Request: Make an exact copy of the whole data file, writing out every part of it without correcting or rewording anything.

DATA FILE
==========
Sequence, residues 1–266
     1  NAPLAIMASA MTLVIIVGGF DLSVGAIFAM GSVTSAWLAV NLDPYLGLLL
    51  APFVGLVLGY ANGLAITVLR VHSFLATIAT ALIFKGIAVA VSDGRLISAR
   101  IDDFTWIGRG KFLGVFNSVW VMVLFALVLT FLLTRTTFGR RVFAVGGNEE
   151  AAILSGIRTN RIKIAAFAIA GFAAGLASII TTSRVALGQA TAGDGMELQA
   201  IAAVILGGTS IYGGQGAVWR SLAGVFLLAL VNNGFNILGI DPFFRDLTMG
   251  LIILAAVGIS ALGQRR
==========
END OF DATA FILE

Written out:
Sequence, residues 1–266
     1  NAPLAIMASA MTLVIIVGGF DLSVGAIFAM GSVTSAWLAV NLDPYLGLLL
    51  APFVGLVLGY ANGLAITVLR VHSFLATIAT ALIFKGIAVA VSDGRLISAR
   101  IDDFTWIGRG KFLGVFNSVW VMVLFALVLT FLLTRTTFGR RVFAVGGNEE
   151  AAILSGIRTN RIKIAAFAIA GFAAGLASII TTSRVALGQA TAGDGMELQA
   201  IAAVILGGTS IYGGQGAVWR SLAGVFLLAL VNNGFNILGI DPFFRDLTMG
   251  LIILAAVGIS ALGQRR